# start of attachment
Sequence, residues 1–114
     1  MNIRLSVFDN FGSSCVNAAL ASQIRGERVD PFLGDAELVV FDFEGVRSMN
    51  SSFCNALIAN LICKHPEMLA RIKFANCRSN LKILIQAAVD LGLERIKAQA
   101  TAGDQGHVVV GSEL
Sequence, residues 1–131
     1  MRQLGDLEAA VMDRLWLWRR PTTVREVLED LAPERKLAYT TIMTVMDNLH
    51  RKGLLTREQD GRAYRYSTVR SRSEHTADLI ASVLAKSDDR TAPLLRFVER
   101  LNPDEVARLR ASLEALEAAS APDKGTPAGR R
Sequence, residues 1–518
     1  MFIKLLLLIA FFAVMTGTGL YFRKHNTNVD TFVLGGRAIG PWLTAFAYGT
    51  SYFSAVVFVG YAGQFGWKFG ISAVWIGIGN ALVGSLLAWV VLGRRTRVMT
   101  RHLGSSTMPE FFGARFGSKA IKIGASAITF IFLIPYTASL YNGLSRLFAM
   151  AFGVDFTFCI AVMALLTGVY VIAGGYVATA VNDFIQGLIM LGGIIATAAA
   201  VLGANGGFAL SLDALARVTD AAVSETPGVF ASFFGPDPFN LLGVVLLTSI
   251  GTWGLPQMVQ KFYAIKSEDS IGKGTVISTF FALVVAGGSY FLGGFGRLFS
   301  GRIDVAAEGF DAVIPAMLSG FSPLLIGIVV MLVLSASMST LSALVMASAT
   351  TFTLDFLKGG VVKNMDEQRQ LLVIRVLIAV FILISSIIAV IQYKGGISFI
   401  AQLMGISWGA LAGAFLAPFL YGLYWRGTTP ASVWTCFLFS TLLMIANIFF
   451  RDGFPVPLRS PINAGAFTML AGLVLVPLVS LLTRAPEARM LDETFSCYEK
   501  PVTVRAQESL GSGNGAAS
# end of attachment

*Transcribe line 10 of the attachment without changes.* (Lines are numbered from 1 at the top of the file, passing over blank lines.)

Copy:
     1  MFIKLLLLIA FFAVMTGTGL YFRKHNTNVD TFVLGGRAIG PWLTAFAYGT